The Fourth Amendment of the Constitution Act 1972 is an amendment to the Constitution of Ireland which lowered the voting age for all national elections and referendums in the state from twenty-one to eighteen years of age. It was approved by referendum on 7 December 1972 and signed into law on 5 January 1973.
The Fourth Amendment altered Article 16 which deals with elections to Dáil Éireann (the house of representatives of the Oireachtas). However other provisions of the constitution state that anyone entitled to vote in Dáil elections is also entitled to participate in the election of the President and in referendums, so the amendment affected these votes as well. The amendment did not, however, affect the minimum age at which one could be elected to the Dáil, and this remained at twenty-one.
It was submitted to a referendum on the same day as the Fifth Amendment, which removed from the constitution reference to the "special position" of the Catholic Church and recognition of certain other named denominations.
Changes to the textEdit
The Amendment altered the text of Article 16.1.2º in the following manner:
Deletion from Article (removed text in bold):
Every citizen without distinction of sex who has reached the age of twenty-one years who is not disqualified by law and complies with the provisions of the law relating to the election of members of Dáil Éireann, shall have the right to vote at an election for members of Dáil Éireann.
Addition to Article 16.1.2 (added text in bold):
Every citizen without distinction of sex who has reached the age of eighteen years who is not disqualified by law and complies with the provisions of the law relating to the election of members of Dáil Éireann, shall have the right to vote at an election for members of Dáil Éireann.
On 16 February 1972, Brendan Corish, leader of the Labour Party, proposed a constitutional amendment as a private member's bill to lower the voting age to 18. This was opposed by the Fianna Fáil government as it did not wish to hold such a referendum until after the referendum on the proposed Third Amendment on Accession to the European Communities (which was passed on 10 May 1972).
On 28 June 1972, the Minister for Foreign Affairs Patrick Hillery moved the Fourth Amendment of the Constitution Bill 1972 on behalf of the Fianna Fáil government. At second stage, it was proposed by the Minister for Local Government Bobby Molloy. It was supported by the opposition parties Fine Gael and the Labour Party, and passed final stages in the Dáil on 11 July. It passed all stages in the Seanad on 13 July, and proceeded to a referendum on 7 December 1972.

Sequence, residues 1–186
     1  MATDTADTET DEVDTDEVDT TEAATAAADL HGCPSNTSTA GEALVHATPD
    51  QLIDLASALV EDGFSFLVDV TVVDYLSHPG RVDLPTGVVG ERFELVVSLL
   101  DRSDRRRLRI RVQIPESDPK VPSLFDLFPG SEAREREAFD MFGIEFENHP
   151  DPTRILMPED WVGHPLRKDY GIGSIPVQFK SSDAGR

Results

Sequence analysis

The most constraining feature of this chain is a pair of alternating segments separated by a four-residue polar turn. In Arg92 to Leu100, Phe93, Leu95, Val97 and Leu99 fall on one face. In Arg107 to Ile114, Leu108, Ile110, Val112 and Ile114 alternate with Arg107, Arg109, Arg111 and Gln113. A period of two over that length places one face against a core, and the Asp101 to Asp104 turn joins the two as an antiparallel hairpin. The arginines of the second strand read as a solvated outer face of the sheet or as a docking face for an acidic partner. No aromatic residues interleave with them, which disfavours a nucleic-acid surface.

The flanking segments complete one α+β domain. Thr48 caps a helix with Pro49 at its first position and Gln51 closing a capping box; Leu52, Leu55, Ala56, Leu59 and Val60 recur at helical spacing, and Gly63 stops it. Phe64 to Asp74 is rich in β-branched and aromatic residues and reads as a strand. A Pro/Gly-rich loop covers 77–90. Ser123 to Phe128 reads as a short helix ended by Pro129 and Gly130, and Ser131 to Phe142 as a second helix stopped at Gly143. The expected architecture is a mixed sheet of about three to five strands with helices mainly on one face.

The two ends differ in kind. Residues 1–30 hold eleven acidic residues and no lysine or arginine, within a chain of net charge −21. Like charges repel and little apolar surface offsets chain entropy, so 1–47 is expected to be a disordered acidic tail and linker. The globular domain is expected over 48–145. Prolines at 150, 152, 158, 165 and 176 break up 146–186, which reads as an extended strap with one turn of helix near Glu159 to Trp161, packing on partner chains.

|Invalid or blank votes||47,089||5.21|
|Registered voters and turnout||1,783,604||50.65|
|Constituency||Electorate||Turnout (%)||Votes||Proportion of votes|
|Cork City North-West||36,115||48.2%||12,737||3,881||76.6%||23.4%|
|Cork City South-East||36,476||54.1%||14,561||4,436||76.6%||23.4%|
|Dublin County North||58,761||48.6%||23,386||4,370||84.3%||15.7%|
|Dublin County South||45,289||55.9%||20,239||4,461||81.9%||18.1%|
|Dún Laoghaire and Rathdown||56,151||57.7%||25,656||6,032||81.0%||19.0%|
The 19th Dáil was dissolved on 5 February 1973 and a general election was held on 28 February. However, the electoral register was updated only every 15 April, so those under 21 were unable to vote despite the amendment. A 20-year-old student, represented by Seán MacBride, asked the High Court to postpone the election to vindicate his right to vote. He lost his case, although he was awarded his costs due to its "public importance".
Although the names of under-21s had already been added to the provisional register, it was the Electoral (Amendment) Act 1973 passed on 9 April which reduced the age limits in statute law in line with the amended constitution. The first under-21s to vote were a few graduates of the National University and Dublin University elections to the 13th Seanad.
The later Ninth Amendment passed in 1984 altered the text of Article 16.1.2º in a manner which would permit legislation to include certain people who are not citizens to be added to the register for elections to Dáil Éireann. However, the franchise for presidential elections and referendums remained restricted to Irish citizens.
- "Fourth Amendment of the Constitution Bill, 1972: First Stage". Houses of the Oireachtas. 16 February 1972. Retrieved 28 April 2018.
- "Private Members' Business. - Fourth Amendment of the Constitution Bill, 1972: First Stage (Resumed)". Houses of the Oireachtas. 23 February 1972. Retrieved 28 April 2018.
- "Fourth Amendment of the Constitution Bill, 1972: First Stage". Houses of the Oireachtas. 28 June 1972. Retrieved 28 April 2018.
- "Fourth Amendment of the Constitution Bill, 1972: Second Stage". Houses of the Oireachtas. 5 July 1972. Retrieved 28 April 2018.
- "Fourth Amendment of the Constitution Bill, 1972: Committee and Final Stages". Houses of the Oireachtas. 11 July 1972. Retrieved 28 April 2018.
- "Fourth Amendment of the Constitution Bill, 1972: Second and Subsequent Stages". Houses of the Oireachtas. 13 July 1972. Retrieved 28 April 2018.
- "Referendum Results 1937–2015" (PDF). Department of Housing, Planning and Local Government. 23 August 2016. p. 29. Retrieved 21 April 2018.
- Ferriter, Diarmaid (1 November 2012). Ambiguous Republic: Ireland in the 1970s. Profile Books. pp. 94–95. ISBN 9781847658562. Retrieved 30 March 2014.
- O'Leary, Michael (30 March 1973). "Electoral (Amendment) Bill, 1973: Second Stage". Seanad Éireann debates. pp. Vol.74. No.6 p.11 cc.513–4. Retrieved 30 March 2014.
- "Electoral (Amendment) Act, 1973". Irish Statute Book. Retrieved 30 March 2014.